For people with dietary issues, be aware! During our first 24 hours in this region of Poland, we discovered it became increasingly difficult to source wheat/gluten free foods – often its meaning wasn’t understood. Scrambled eggs, sautéed grilled meats and so forth will most likely contain the ingredients. It was best to keep to the plainest of foods.

Now on with the day’s trip…..

A few shots from the car as we passed through Gorzow Wielkopolski.

First a short return trip to Chwalecice for taking a few more pics.

This day’s search, like yesterdays, yielded very little. That disappointment aside, the region was beautiful, and we all delighted in the Bauerkulture churches (as seen in main image). I haven’t been able to find any information specific to this type of construction, but know the term itself means ‘farming culture’ when translated. My assumption is that it refers to buildings contructed out of materials and in the same manner as those in which the people residing within the farming communities dwelt.

We discovered most cemeteries in the region appeared quite new, Roman Catholic and often locked. In those few showing age, grave dates generally went only as far back as the 1950s. It made sense when one thought about it. The Polish peoples had only resided there since the mid 1940’s.

Travelling to Scinawa, we encountered roadworks of gargantuan proportions well underway. Taken from the car, they ar not the best images, but give you an idea.

Farm houses came and went.

We just had to stop here for a quick pic of the lovely couple.


Once named ‘Steinau an den Oder’, this was the last Silesian town in which my ancestors had resided and from which we believe Gottlieb Carl Gustav Friebe and his family departed in 1856. It made sense, as the Oder (Odra) River wended its way past the village.

Impressive from the outside, St John’s Parish Church dated back to the year 1209.

A short wander

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Sadly, as with much of the Prussian lands, we discovered the town became a battlefield during WW2 and was left in ruins. Most of its history had literally gone. up in smoke. Upon discovering this information, ‘Click, click’ as another piece of knowledge dropped into place. If all towns had been incorporated within the battlefield this, too, would assist with the explanation of why so few of the old cemeteries and churches remained.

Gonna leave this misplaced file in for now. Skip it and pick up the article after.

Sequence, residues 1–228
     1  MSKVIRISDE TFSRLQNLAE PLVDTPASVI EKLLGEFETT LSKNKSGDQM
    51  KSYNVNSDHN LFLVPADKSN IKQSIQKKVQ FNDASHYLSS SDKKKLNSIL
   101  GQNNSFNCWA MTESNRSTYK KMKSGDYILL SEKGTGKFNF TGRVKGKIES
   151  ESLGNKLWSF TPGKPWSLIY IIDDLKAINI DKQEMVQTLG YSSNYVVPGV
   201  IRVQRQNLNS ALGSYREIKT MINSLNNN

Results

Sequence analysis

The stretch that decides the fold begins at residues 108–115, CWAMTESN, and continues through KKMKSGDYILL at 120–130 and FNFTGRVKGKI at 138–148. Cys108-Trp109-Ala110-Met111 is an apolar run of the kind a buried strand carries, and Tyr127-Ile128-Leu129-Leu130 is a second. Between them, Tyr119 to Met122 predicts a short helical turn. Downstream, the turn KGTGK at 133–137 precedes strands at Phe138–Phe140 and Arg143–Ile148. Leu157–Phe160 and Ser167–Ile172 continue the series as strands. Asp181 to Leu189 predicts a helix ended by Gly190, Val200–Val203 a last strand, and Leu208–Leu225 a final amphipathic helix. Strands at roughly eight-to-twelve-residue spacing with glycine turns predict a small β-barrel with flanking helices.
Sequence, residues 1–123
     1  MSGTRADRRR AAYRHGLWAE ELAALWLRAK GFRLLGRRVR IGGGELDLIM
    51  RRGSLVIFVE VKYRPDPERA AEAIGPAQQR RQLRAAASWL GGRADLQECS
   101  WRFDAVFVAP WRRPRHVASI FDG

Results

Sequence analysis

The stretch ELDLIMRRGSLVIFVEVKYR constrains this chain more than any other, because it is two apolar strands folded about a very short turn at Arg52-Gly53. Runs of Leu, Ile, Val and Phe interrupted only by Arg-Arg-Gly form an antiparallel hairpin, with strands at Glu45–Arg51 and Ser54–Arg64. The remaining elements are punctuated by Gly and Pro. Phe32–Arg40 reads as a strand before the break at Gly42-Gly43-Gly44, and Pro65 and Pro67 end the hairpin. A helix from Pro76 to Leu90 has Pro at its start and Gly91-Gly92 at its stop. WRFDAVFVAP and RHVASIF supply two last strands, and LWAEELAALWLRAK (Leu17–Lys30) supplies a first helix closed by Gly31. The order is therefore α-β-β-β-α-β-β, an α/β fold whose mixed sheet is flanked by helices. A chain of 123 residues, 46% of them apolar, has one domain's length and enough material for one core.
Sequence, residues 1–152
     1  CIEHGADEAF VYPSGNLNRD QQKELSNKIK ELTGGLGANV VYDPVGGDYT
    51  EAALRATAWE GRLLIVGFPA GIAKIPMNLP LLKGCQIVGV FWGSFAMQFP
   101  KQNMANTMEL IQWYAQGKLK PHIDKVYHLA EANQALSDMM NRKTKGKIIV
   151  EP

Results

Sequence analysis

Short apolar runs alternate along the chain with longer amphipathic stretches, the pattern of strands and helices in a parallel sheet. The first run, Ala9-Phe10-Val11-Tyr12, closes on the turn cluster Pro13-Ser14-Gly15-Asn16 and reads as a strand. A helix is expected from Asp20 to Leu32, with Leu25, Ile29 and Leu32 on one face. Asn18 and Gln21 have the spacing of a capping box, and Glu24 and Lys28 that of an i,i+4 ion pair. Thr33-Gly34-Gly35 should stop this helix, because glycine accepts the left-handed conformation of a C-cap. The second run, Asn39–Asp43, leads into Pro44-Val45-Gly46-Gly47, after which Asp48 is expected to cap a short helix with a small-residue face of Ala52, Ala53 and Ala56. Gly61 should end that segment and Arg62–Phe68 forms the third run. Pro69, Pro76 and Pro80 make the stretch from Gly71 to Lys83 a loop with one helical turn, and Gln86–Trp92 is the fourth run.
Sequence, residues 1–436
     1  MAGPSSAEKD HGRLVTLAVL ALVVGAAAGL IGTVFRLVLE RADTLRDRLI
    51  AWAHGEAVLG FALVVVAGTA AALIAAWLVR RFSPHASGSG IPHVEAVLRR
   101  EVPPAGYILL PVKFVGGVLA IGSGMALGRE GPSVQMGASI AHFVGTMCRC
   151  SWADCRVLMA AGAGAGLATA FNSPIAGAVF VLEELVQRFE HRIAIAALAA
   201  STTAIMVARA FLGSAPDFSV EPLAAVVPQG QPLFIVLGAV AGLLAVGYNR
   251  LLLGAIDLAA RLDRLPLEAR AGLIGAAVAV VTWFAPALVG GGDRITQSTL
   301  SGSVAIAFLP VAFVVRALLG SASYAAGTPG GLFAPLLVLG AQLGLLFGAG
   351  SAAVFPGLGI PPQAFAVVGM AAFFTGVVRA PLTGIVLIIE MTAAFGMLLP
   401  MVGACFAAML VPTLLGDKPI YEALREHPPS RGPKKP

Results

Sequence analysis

A country road on the way to Parszowice.

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Like Scinawa, this too was a township that had experienced the ravages of war.

The church (main image), damaged during WWII, is believed to date back to the fifteenth century.

On the road to Legnica.


Entering the centre of this city, it was possible for the visitor to glean an insight into what appeared to have been a once rich and prosperous township.

With the invasion of the Celts during the 5th Century BC, the region became populated by these peoples and by the 400s saw they were referred to as the Lusatians. Move on a few centuries or so, and the province the Western Slavs arrived, bringing with them the Lechitic Languages (Polish, Pomeranian, Silesian). It was now that permanent settlements were at last established.

Copper was the first of the metals mined in and around the town, but it was with the discovery of gold during Renaissance times that a massive burst in population growth took place and it has never looked02 back. To this day, Legnica has continued to be a financial and academic hub.


We found, these townships in which my paternal side of the family had once lived formed a line in length of 28.5km – or 35minute drive – from Spalona to Scinawa.